New Delhi, June 18 (IANS) — “There are nearly 600 mosques all over the country, 53 in Delhi alone, where Muslims cannot pray because they are seen as historical monuments,” said Intezar Naeem of the Jamaat-e-Islami Hind, a body founded in 1941.
“Imagine how you would feel if reasons of history were given to prevent you from praying in equally ancient (Hindu) temples?” he asked.
The 53 mosques in the Indian capital include those located inside the 17th century Red Fort, one across the road near Jama Masjid, in the Safdarjung Tomb, in Lodi Garden and at the imposing Qutub Minar complex (Quwwat-ul-Islam).
The Khairul Manazil mosque opposite the Old Fort is also out of bounds for prayers. So are the ones inside the Delhi Golf Club grounds and near Wazirabad bridge, near the Yamuna river.
Similar restrictions are in place at the mosque near the Ferozeshah Kotla ground here. Nevertheless, on major Islamic holidays, Muslims pray there in large numbers.
But once the prayers get over, the police slap cases against the prayer leaders accusing them of intruding into protected monuments.
According to Naeem, all the nearly 600 mosques were built during the Mughal era and are 500 to 250 years old.
“The ASI says these are historical mosques and they need to be preserved as part of history,” Naeem told IANS.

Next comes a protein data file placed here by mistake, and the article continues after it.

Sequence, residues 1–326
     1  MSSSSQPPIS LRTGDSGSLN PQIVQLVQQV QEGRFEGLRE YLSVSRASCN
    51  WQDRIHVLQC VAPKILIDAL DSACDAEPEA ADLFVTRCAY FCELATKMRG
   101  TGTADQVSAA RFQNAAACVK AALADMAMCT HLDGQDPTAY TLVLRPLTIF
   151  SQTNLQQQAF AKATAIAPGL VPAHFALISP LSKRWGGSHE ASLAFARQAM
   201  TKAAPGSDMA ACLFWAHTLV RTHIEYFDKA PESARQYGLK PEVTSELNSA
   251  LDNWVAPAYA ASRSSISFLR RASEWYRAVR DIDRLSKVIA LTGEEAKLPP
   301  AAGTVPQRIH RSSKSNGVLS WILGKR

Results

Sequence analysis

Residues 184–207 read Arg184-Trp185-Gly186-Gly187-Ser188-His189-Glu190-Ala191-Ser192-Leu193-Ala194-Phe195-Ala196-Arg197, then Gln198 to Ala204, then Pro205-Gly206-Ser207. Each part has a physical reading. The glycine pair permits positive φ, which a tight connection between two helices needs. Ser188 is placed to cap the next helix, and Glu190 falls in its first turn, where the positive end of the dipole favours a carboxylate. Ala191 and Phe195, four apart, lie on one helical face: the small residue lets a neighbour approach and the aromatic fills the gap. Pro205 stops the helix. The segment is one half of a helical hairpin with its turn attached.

“Our stand is that mosques are not built for any historical reasons. They are built so that Muslims can pray. What will happen if the Makkah is disallowed for prayers because it is a historical mosque?
“However beautiful or old or both, the mosques will be looked after by Muslims. They will also pray there. All mosques where prayers go on end up being well maintained. Many mosques with ASI are in a bad condition.”
The issue of being denied permission to offer prayers in historical mosques has repeatedly brought Muslims into conflict with the authorities here.
In the 1980s, Muslims in the Indian capital took to the streets saying they should be permitted to pray at the mosque near the main gate of Safdarjung Tomb, a huge 18th century monument near Lodi Garden.
The deadlock continues to this day although prayers are now allowed on Fridays.
Recently, Abdul Haq Ansari, the head of the Jamaat-e-Islami Hind, urged the Indian government to throw open the gates of all historical mosques to Muslims.
Shoaib Iqbal, deputy speaker of the Delhi legislative assembly, made the same demand when he called on Prime Minister Manmohan Singh to discuss a variety of issues.
“The government is aware of the problem,” said Naeem. “They know about it. They simply don’t want to solve it.”
ASI officials admit they don’t have the resources to protect or preserve all the mosques in their custody. But some ask why should Muslims insist on praying in these monuments when there are tens of thousands of mosques in the country.
“The reason is simple,” replies Naeem. “A mosque is meant for our community, not for tourists. If you don’t agree, where is the freedom of religion?
“How will you feel if the government does not allow you to pray at a temple just because it is hundreds of years old?
“Worse, while we Muslims cannot pray at these mosques, all kinds of people enter them, wearing shoes and slippers. Some outlying mosques (here) have become dens. But when Muslims go to pray, they are chased away.
“The right to prayer is justified. Please remember that there is deep resentment in the community over this. Probably the government does not realise this.”
© 2006 IANS India Private Limited, New Delhi. Posted on Religioscope with permission. — Indo-Asian News Service (IANS) is India’s first multinational and multilingual wire service. Website: www.ians.in. Subscription enquiries: contact IANS (mention Religioscope).